Skip to content

July 14, 1954

Telegram, Zhou Enlai to Mao Zedong, Liu Shaoqi, and the CCP Central Committee (excerpt)

In the three days since Mendès-France has arrived in Geneva, he has been busy with various meetings. It seems that he hopes to reach an agreement by July 20. He intentionally insists on having the 18th parallel as the dividing line for zones of concentration before going back to Paris, hoping that our side will make concessions; he also uses this to bargain with Vietnam and the United States. In fact, France is willing to reach an agreement [on setting up the line] between the 18th and the 16th parallels. France has already submitted to our side a draft agreement on ceasefire in Vietnam that it had prepared (the draft agreements on ceasefire in Cambodia and Laos have not been completed yet), a political statement by the nine countries, and documents on the supervision issue in the three countries of Indochina. Our side is appointing a special group to study [these documents]. Molotov and Eden have agreed that the conference will not be resumed until the negotiation outside the conference has achieved results, and that the foreign ministers of various countries will continue the contact and discussion outside the conference, so as to pursue an agreement.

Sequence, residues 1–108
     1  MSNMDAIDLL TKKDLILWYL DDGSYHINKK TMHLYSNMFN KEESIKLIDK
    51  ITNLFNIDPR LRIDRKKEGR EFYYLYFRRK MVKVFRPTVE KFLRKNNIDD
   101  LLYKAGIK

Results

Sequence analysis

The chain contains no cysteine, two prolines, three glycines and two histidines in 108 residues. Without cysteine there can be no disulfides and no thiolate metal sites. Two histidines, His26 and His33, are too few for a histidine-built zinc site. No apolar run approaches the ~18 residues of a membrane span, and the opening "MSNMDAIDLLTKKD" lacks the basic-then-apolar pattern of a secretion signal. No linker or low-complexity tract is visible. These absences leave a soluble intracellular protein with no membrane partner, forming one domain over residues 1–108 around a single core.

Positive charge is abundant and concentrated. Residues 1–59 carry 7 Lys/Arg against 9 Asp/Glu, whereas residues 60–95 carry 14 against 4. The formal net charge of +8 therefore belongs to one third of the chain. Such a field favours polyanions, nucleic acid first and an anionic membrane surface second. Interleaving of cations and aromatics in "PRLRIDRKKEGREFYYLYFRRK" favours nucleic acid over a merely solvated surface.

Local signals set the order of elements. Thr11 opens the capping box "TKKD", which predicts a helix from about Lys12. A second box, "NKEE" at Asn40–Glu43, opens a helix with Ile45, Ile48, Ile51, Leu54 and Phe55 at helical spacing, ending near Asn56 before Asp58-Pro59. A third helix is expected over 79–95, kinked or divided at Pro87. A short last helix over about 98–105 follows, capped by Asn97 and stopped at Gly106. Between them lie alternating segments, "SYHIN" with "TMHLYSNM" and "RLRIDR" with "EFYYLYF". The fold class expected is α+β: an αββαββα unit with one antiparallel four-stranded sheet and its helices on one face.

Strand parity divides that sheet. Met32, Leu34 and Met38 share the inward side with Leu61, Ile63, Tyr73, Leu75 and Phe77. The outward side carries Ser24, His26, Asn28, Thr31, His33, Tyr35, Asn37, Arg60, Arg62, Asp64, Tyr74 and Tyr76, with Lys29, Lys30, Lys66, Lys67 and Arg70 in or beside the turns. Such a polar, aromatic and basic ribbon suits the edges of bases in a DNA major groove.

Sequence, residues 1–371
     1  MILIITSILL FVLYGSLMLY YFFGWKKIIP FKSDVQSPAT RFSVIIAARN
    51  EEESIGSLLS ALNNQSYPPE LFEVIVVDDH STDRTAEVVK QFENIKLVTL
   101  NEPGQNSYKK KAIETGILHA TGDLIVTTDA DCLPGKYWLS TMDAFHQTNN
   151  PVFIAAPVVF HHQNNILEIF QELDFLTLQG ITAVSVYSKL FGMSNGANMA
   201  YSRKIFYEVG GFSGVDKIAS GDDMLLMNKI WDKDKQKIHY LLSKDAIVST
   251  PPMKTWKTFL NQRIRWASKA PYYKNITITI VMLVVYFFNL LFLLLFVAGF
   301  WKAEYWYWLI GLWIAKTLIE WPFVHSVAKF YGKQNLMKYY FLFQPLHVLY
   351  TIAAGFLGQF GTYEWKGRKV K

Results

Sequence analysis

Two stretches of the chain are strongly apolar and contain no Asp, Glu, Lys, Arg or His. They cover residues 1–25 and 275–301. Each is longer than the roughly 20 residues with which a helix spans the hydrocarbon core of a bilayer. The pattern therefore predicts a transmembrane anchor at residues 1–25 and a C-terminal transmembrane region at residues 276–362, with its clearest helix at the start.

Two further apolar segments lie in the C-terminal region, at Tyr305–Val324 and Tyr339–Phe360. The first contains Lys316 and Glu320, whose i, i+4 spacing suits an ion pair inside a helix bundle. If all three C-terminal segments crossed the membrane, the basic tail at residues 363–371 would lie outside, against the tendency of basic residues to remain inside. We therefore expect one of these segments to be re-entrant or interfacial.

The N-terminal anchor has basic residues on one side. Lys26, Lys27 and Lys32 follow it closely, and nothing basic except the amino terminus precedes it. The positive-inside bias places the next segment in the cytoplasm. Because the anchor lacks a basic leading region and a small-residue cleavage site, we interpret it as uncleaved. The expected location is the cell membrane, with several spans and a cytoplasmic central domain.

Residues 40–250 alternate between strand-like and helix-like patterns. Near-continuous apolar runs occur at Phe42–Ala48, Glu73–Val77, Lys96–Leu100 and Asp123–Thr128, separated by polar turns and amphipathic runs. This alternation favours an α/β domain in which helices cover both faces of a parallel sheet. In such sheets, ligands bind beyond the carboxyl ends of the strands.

In this telegram Zhou Enlai informs Mao Zedong, Liu Shaoqi, and the CCP Central Committee that Mendès-France hopes to reach an agreement by July 20 and insists that concessions be made in regards to the demarcation line.


Document Information


Zhou Enlai nianpu, 1949-1976, vol. 1, p. 398. Translated for CWIHP by Chen Jian.


The History and Public Policy Program welcomes reuse of Digital Archive materials for research and educational purposes. Some documents may be subject to copyright, which is retained by the rights holders in accordance with US and international copyright laws. When possible, rights holders have been contacted for permission to reproduce their materials.

To enquire about this document's rights status or request permission for commercial use, please contact the History and Public Policy Program at [email protected].

Original Uploaded Date





Record ID